Friday, May 6, 2011

An Attitude of Professional Scepticism

What attitude should one adopt with regards to martial arts teachings?

Much to your horror, dear reader, I'll refer you to the Australian Auditing Standards for guidance. ASA 200 requires an auditor to adopt an attitude of professional scepticism.
Professional scepticism means an attitude that includes a questioning mind, being alert to conditions which may indicate possible misstatement due to error or fraud, and a critical assessment of audit evidence.
Is an attitude of professional scepticism fostered within the martial arts? To a large extent, it is not. To a large extent, the attitude that is fostered is one of unquestioning acceptance.

Can scepticism be taken too far? A 2010 discussion paper on professional scepticism thought so:'Scepticism can be taken too far; challenging everything in a well run company will slow down the publication of its financial statements and risks unnecessary costs.' Challenging everything is counterproductive. This discussion paper talks about an 'appropriate degree' of professional scepticism.

The international auditing standards state in relation to detecting fraud that an auditor 'neither assumes that management is dishonest nor assumes unquestioned honesty.' This could be extended to errors and that an assumption is not made as to the unquestioned accuracy or error of statements. This I take to mean that you approach things with an open mind but with an appropriate degree of professional scepticism. This is the attitude I adopted when attending a seminar held by George Dillman in London while I was living there in the early 1990s.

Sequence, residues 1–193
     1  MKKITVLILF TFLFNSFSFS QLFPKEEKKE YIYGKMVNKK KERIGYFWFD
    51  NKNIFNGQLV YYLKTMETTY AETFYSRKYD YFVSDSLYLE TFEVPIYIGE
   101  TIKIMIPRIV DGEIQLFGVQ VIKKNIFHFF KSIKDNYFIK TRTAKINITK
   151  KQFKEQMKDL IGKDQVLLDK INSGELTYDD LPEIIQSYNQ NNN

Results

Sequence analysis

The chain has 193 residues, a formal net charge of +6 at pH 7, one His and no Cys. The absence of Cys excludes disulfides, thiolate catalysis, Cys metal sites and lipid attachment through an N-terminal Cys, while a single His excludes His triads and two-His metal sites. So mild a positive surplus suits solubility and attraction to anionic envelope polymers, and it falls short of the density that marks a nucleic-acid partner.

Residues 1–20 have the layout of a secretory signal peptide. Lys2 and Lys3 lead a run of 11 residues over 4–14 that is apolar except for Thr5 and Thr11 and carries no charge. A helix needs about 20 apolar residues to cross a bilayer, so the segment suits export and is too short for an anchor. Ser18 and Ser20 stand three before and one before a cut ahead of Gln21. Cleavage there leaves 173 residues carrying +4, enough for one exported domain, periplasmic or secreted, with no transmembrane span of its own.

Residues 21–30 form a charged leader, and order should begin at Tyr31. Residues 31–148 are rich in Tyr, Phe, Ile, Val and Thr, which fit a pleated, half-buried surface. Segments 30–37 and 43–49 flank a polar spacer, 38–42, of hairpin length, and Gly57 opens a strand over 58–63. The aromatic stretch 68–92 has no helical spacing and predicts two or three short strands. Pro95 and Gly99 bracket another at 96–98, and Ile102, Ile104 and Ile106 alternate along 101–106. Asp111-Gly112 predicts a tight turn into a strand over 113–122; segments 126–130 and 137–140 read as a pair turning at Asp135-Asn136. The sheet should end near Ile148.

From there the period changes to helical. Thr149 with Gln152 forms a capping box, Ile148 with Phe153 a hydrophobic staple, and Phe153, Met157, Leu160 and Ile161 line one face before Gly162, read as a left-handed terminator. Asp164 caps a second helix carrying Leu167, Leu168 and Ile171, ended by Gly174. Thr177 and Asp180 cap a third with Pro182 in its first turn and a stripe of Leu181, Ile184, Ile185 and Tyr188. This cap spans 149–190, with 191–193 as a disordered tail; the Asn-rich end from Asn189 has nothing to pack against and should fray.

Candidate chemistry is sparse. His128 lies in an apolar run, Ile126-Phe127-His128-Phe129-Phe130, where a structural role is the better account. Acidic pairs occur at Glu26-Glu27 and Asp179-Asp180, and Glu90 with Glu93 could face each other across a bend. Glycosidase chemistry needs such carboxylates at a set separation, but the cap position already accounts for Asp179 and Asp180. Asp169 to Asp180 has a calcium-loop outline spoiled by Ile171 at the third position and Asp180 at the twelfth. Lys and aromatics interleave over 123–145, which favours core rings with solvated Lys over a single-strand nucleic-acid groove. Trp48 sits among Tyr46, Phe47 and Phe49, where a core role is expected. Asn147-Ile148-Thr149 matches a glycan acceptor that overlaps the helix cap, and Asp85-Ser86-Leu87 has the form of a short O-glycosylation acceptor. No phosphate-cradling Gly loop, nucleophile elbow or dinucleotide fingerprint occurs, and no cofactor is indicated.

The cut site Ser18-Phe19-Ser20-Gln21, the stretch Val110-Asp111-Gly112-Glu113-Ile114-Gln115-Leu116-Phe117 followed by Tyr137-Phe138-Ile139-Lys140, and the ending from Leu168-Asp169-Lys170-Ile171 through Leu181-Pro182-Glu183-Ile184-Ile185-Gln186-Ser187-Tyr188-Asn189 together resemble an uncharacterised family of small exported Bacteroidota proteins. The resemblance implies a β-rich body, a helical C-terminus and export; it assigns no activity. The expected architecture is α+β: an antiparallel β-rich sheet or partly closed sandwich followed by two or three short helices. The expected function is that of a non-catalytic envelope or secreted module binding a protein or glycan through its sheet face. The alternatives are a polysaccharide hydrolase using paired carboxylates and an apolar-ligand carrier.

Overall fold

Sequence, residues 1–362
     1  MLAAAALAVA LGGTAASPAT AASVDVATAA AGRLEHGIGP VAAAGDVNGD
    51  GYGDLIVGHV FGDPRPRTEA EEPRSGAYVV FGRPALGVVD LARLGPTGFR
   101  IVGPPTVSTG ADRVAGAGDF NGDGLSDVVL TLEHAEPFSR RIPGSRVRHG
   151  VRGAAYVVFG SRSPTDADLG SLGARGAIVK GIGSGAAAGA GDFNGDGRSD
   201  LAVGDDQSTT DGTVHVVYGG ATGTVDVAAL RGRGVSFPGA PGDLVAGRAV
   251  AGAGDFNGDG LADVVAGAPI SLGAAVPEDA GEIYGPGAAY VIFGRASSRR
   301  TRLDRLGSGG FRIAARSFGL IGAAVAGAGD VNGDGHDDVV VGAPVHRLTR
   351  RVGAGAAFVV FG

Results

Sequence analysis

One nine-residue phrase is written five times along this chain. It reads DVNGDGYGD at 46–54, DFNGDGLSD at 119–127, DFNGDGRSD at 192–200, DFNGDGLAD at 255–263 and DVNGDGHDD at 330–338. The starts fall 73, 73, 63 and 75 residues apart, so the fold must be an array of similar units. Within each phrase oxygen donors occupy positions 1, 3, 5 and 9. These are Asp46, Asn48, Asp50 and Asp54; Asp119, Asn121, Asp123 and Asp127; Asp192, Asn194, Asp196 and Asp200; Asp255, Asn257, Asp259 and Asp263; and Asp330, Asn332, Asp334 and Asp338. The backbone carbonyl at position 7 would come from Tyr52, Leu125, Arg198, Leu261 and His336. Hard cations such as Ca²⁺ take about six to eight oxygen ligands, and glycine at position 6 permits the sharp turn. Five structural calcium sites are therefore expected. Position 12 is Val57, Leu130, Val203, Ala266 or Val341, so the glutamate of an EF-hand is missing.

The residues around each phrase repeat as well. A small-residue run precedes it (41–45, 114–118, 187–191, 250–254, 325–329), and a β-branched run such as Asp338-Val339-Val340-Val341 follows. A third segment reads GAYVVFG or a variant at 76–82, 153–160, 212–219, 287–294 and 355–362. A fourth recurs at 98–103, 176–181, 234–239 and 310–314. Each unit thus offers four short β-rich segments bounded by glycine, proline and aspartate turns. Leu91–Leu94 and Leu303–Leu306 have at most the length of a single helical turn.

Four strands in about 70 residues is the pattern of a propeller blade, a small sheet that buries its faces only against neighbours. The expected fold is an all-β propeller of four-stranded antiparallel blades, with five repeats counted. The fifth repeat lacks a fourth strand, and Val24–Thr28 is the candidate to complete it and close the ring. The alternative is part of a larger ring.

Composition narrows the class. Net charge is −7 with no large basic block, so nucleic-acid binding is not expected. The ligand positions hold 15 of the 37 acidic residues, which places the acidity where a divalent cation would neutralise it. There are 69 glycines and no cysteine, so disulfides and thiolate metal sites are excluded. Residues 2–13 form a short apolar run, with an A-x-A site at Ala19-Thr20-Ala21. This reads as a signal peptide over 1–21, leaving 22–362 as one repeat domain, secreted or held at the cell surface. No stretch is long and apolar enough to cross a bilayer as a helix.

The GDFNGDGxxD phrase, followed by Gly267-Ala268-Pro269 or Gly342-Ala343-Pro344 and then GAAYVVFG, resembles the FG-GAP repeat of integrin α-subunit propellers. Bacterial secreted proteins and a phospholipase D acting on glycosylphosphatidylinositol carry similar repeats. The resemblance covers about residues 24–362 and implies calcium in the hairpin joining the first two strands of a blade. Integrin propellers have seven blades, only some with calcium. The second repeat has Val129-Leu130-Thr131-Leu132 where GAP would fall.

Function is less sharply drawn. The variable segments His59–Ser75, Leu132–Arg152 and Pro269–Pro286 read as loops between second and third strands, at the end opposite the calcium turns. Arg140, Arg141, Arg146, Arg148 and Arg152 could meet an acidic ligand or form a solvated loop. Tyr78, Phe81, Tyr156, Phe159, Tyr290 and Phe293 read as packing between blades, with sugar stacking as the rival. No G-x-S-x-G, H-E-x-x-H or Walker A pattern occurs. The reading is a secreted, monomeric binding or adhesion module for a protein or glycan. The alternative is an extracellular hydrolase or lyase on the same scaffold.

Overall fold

Dillman is a karateka who tours the world giving seminars on pressure point techniques. He is the author of numerous books and articles on the subject. We didn't get taught a lot of pressure point techniques at the Jan de Jong Self Defence School, even though they were the rage at the time. I was eager to learn more.

The following National Geographic Channel documentary is representative of Dillman's seminar:

Dillman taught the technique demonstrated in the documentary where a person falls to the ground after their forearm is hit. He demonstrated this technique on a student who had travelled to London to attend this seminar from Germany where he was based with the US Airforce. Dillman hit the student's arm who then hit the ground, just as in the documentary. Very impressive.